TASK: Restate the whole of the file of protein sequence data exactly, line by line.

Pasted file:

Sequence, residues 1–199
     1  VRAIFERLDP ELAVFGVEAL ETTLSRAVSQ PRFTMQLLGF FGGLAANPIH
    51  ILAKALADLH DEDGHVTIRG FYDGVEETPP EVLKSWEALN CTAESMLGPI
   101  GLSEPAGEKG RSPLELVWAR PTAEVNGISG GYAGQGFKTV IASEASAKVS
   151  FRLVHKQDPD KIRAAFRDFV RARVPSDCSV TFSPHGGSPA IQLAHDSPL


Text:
Sequence, residues 1–199
     1  VRAIFERLDP ELAVFGVEAL ETTLSRAVSQ PRFTMQLLGF FGGLAANPIH
    51  ILAKALADLH DEDGHVTIRG FYDGVEETPP EVLKSWEALN CTAESMLGPI
   101  GLSEPAGEKG RSPLELVWAR PTAEVNGISG GYAGQGFKTV IASEASAKVS
   151  FRLVHKQDPD KIRAAFRDFV RARVPSDCSV TFSPHGGSPA IQLAHDSPL